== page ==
Charlotte Cotton – ‘we generally take pictures at symbolic points in family life, at times we acknowledge our relationship bonds and social achievements’
sally waterman – past present (2005)
Through transformative methods of constructed narratives, metaphorical landscapes and perforative re-eneactments – ‘waste land’ project became an attempt to work through marital breakdown and the divorce of her parents. – She adopts elusive modes of self representation in order to situate herself apart from the audience. Appearing as an anonymous figure or ghostly trace.
Engages the viewer with her candid exploration of universal emotions. well-known for her confessional art – she reveals intimate details about her life within her work to engage the viewer.
Emin shows us her own bed, in all its embarrassing glory. Empty booze bottles, fag butts, stained sheets, worn panties – revealing that she’s as insecure and imperfect as the rest of the world.
she establishes a generous dialogue between the viewer and the artist by the re-telling of her unique and intimate life events.
Jo Spence – picture of health?
A body of work where Jo Spence responds to her disease and treatment through photography. channelling her research and feelings about breast cancer into an exhibition. ‘photo therapy’ – using photography to heal ourselves. She used the exhibition to work on her stress and anxiety.
Her body of work is not just for a private record of a cancer sufferer. They tell us that having breast cancer is a social experience.
Spence identified photography as the complex site of ideological negotiation between family, class, gender and social life.
Goldin has taken intensely personal, spentneous, sexual, and transgressive photographs of her family, friends, and lovers.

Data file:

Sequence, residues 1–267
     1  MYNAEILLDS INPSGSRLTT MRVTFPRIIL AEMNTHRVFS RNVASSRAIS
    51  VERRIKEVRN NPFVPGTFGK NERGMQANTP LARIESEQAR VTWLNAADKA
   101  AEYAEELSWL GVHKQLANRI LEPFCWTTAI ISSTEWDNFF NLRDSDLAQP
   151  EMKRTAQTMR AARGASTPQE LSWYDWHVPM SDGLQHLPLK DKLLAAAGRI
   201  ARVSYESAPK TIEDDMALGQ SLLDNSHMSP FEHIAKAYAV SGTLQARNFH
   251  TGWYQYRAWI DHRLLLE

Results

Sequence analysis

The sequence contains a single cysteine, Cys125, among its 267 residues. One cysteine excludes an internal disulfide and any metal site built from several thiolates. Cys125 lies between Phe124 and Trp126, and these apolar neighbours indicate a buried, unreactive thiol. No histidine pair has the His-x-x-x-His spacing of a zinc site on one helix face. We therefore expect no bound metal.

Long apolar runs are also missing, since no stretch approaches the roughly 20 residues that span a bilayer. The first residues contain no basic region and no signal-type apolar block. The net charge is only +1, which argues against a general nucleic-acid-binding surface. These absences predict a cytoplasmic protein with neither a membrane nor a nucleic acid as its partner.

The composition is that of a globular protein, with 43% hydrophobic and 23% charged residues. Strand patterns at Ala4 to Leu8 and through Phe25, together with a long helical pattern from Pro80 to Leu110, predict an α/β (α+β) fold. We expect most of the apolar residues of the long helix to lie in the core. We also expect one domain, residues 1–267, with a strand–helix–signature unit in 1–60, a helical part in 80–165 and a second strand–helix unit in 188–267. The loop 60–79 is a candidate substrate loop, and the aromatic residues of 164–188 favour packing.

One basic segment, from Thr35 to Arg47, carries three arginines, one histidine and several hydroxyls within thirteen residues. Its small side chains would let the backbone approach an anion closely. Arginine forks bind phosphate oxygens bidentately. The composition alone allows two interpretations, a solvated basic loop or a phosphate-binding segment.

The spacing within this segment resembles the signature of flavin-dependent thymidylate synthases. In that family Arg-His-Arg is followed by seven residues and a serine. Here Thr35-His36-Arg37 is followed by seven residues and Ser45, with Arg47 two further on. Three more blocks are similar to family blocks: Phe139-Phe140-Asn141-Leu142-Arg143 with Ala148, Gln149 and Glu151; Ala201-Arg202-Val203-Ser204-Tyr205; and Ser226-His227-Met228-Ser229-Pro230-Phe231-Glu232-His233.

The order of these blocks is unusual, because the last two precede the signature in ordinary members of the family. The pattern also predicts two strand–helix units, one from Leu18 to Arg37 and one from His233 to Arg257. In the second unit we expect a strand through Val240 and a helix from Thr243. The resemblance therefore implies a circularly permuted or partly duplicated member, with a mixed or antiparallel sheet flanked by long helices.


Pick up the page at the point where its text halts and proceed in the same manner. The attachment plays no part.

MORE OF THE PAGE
She describes her photographs as a ‘visual diary’. The portrait of Nan one month after being battered was taken to prevent Goldin from forgotting the damage caused by her boyfriends violence.She applies the same frankness to the lives of her close friends. ‘there is no operation between me and what i photograph.’
Corinne Day – Ex-model and self-taught photographer. ‘diary” is a culmination of ten years work and is intensely personal and frank photographic account of her life. shocking and sad, bleak and tender, the series draws comparison with the work of Nan Goldin and Larry Clark for its uncompromising honesty. A chronicle of young lives lived on the edge of drugs and despair.
‘good friends make you face the truth about yourself and you do the same for them, as painful, or as pleasurable, as the truth may be.’
’10 years of life which i kept and intermittent photographic diary of friends, family,experiences and places I’ve been’. – 100 photographs some painfully intimate, some unbearably sad.
Sophie Calle ‘take care of yourself’
sent 107 women from a range of backgrounds and professions a break-up email from her partner. She asked them to interpret it how they wanted and made an art project from it. ‘After a month i felt better. There was no suffering. It worked. The project replaced the man’.
‘the rules of the game are always very strict. In take care f yourself i asked the participants to answer professionally, to analyse a breakup letter that i had received from a man.’ The parameters were fixed. For example i wanted the grammarian to speak about grammar. – i didn’t want the women expressing sentiment for me. except maybe my mother.’